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Galaxy groups

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Local group

 Updated June 01, 2013

The Milky Way and the Big Nebula of Andromeda have satellite galaxies. These two huge spirals belong to an even bigger grouping of 20 galaxies among which M31, M33, Maffei I and Maffei II, the Big and the Small Cloud of Magellan, conscript Groups it local. All these galaxies move around a common center situated between our Galaxy and the Nebula of Andromeda. All the observers know the biggest and the most brilliant of all: M31, in the constellation of Andromeda. The most known heap of galaxies are Virgo, Pegasus I, Pisces, Cancer, Perseus, Coma, Ursa Major III, Hercules, Pegasus, Heap A, Centaurus, Ursa Major I, Leo, Gemini, Corona Borealis, Heap B, Bootes, Ursa Major II, Hydra II Distant from 2,5 million light years, it is the closest galaxy but especially it is the only one who is visible in the bare eye, on dark night. We can consider the Local Group, or the other groups looking like it as heap containing a number relatively restricted by objects. Galaxy groups can be more important. If we come down until the magnitude 21, there would so be 75 million galaxies among which our.


The local group is a part of an enormous complex of 10000 galaxies assembled in heap extending over some 200 million years lights, conscript local super clusters or super clusters of the Virgo. The super clusters of the Virgo and super clusters of the Hydra and the centaur fall themselves towards another big conglomeration of galaxy groups which we call the Big Attractor. Galaxy comes from Greek " galactos " which wants to say milk. Of our ground base, we participate in a fantastic cosmic ballet: the Earth propels us in 30 km/s around the Sun which splits the space in 230 km/s around the Milky Way.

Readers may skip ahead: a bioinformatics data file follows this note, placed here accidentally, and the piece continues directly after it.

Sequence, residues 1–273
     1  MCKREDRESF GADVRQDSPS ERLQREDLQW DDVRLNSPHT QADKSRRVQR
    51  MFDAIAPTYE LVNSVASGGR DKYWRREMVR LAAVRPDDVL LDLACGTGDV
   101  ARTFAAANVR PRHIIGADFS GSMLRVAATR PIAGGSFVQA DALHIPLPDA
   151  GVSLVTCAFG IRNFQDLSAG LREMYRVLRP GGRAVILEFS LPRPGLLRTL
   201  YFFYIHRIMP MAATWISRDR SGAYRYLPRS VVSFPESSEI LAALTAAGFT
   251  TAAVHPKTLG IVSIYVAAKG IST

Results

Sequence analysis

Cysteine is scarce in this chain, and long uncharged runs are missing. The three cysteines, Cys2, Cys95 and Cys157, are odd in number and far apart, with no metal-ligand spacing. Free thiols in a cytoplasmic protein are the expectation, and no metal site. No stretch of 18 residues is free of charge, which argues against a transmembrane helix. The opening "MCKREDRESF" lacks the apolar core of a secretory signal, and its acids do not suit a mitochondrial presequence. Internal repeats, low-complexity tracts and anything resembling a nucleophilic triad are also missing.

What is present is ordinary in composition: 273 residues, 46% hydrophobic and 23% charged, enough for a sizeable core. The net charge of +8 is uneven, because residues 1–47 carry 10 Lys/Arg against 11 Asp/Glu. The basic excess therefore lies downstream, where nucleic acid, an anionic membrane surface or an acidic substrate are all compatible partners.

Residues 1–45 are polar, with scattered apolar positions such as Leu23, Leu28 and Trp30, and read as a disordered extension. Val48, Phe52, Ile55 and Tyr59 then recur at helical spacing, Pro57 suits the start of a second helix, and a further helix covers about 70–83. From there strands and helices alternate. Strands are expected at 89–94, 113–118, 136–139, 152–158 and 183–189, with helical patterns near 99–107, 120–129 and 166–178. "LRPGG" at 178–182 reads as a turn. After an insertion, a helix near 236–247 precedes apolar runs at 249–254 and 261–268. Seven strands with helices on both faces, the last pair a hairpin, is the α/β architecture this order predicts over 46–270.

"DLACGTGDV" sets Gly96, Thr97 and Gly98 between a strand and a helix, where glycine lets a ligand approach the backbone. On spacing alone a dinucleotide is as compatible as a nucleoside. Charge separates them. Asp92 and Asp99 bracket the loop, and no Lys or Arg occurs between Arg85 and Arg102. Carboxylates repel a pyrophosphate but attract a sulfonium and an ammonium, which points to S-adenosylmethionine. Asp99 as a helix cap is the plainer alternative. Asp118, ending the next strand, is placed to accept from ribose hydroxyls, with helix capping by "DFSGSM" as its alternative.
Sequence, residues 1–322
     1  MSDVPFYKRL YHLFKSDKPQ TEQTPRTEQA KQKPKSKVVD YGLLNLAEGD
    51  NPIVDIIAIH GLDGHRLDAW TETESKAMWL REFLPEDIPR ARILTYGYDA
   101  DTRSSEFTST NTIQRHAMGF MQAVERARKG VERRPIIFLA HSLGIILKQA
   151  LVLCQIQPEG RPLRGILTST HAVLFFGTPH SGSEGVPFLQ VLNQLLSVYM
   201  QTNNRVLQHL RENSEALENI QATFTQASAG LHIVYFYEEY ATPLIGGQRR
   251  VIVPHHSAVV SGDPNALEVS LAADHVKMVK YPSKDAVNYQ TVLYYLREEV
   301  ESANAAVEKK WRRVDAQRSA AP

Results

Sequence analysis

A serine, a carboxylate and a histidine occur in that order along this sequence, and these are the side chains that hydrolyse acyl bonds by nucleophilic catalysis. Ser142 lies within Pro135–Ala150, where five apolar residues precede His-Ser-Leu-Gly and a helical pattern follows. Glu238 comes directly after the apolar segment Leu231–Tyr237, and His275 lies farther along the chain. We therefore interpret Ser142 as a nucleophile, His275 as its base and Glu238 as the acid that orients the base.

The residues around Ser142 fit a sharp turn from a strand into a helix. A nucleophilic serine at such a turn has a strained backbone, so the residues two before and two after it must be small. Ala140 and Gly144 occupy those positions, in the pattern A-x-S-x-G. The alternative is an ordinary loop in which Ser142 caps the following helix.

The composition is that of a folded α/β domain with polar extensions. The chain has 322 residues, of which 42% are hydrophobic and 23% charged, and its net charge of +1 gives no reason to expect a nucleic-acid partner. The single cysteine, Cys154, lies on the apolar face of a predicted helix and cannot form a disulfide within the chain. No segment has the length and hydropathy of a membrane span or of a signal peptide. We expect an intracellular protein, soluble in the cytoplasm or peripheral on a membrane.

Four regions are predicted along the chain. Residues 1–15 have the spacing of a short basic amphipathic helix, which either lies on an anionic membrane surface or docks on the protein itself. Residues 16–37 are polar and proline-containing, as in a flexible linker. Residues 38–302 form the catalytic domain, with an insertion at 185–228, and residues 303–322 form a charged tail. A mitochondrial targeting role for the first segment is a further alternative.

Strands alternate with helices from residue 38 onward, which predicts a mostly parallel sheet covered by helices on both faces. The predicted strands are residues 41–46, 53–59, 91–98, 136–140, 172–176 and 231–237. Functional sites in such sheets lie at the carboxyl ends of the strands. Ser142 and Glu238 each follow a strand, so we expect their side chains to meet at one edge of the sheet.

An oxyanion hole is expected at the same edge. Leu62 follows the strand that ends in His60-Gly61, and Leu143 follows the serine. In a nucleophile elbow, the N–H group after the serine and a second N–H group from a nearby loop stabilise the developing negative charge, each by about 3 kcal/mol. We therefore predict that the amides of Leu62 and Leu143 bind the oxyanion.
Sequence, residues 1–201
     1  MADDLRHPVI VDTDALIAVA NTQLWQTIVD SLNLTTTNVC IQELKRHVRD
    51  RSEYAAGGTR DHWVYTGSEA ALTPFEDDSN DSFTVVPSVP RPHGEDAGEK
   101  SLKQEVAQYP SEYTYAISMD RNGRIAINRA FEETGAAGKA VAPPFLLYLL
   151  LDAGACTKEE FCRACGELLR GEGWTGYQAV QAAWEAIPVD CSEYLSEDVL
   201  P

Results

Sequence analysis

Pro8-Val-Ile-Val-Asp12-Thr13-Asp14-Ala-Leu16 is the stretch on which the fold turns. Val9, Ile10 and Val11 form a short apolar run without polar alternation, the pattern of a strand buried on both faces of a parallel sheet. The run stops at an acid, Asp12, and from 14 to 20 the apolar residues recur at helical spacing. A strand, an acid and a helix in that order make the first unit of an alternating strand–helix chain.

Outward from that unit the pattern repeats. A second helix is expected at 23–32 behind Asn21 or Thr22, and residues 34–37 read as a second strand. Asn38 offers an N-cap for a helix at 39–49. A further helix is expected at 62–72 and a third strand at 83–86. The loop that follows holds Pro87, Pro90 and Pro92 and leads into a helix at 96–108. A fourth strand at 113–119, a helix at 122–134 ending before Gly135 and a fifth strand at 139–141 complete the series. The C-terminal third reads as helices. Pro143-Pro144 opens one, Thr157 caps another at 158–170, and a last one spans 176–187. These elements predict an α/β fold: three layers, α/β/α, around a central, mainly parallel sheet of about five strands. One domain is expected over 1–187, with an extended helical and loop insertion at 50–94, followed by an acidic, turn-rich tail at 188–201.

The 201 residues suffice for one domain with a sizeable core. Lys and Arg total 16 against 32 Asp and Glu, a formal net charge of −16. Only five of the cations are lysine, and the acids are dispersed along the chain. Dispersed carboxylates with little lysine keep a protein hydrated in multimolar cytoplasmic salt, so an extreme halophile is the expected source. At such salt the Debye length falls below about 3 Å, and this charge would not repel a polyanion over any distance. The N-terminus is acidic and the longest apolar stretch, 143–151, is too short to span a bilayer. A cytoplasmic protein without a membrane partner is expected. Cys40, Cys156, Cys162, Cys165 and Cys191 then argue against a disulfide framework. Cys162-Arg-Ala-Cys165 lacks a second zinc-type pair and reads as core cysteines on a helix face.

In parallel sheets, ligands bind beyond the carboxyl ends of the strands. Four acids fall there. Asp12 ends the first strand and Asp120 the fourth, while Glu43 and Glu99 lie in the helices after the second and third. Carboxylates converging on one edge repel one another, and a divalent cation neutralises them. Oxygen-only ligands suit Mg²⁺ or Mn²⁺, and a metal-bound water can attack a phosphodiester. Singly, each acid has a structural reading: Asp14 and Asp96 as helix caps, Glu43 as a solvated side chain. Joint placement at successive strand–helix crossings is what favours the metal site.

This one falls in his turn towards the galaxy of Andromeda in km/s 90, each of its galaxies rush in 45 km/s towards the center of the local Group, our galaxies group. The local Group moves in 600 km/s attracted by the galaxies group of the Virgo and the super clusters of the Hydra and the Centaur, who falls in his turn towards the big Attractor.

 Local Group of galaxies, Milky Way, Andromède and Triangulum

Image: few galaxies in our Local Group of galaxies. Author Richard Powell.

Galaxies group Virgo


The heap of the Virgo (Virgo) is a massive group of galaxies which dominates the super clusters of the Virgo. It is the closest heap of galaxies of our Galaxy, the Milky Way. There are approximately 2000 galaxies in this heap (but 90 % of them are dwarfish galaxies).
This heap is one diameter of about 15 million years light, hardly more than our Local Group, but it contains fifty times more galaxies.


Image: The group of galaxies Virgo, dominated by M86 (at the top), M84 (to the right), NGC 4388 below and NGC 4387 in the middle.
source: Hawaiian Starlight, CFHT

 group of galaxies Virgo

Galaxies group Coma


The heap of Coma is a galaxies group, spherical, very dense in its center.